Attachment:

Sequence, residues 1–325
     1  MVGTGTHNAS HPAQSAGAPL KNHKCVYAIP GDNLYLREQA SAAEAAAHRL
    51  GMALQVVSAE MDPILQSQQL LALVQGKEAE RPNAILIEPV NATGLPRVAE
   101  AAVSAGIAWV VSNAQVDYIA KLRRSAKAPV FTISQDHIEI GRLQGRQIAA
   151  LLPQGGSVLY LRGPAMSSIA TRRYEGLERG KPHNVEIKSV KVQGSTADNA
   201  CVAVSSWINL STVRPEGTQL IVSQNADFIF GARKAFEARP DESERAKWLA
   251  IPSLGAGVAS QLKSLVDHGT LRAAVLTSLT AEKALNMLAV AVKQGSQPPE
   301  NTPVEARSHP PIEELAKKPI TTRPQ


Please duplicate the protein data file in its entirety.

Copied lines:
Sequence, residues 1–325
     1  MVGTGTHNAS HPAQSAGAPL KNHKCVYAIP GDNLYLREQA SAAEAAAHRL
    51  GMALQVVSAE MDPILQSQQL LALVQGKEAE RPNAILIEPV NATGLPRVAE
   101  AAVSAGIAWV VSNAQVDYIA KLRRSAKAPV FTISQDHIEI GRLQGRQIAA
   151  LLPQGGSVLY LRGPAMSSIA TRRYEGLERG KPHNVEIKSV KVQGSTADNA
   201  CVAVSSWINL STVRPEGTQL IVSQNADFIF GARKAFEARP DESERAKWLA
   251  IPSLGAGVAS QLKSLVDHGT LRAAVLTSLT AEKALNMLAV AVKQGSQPPE
   301  NTPVEARSHP PIEELAKKPI TTRPQ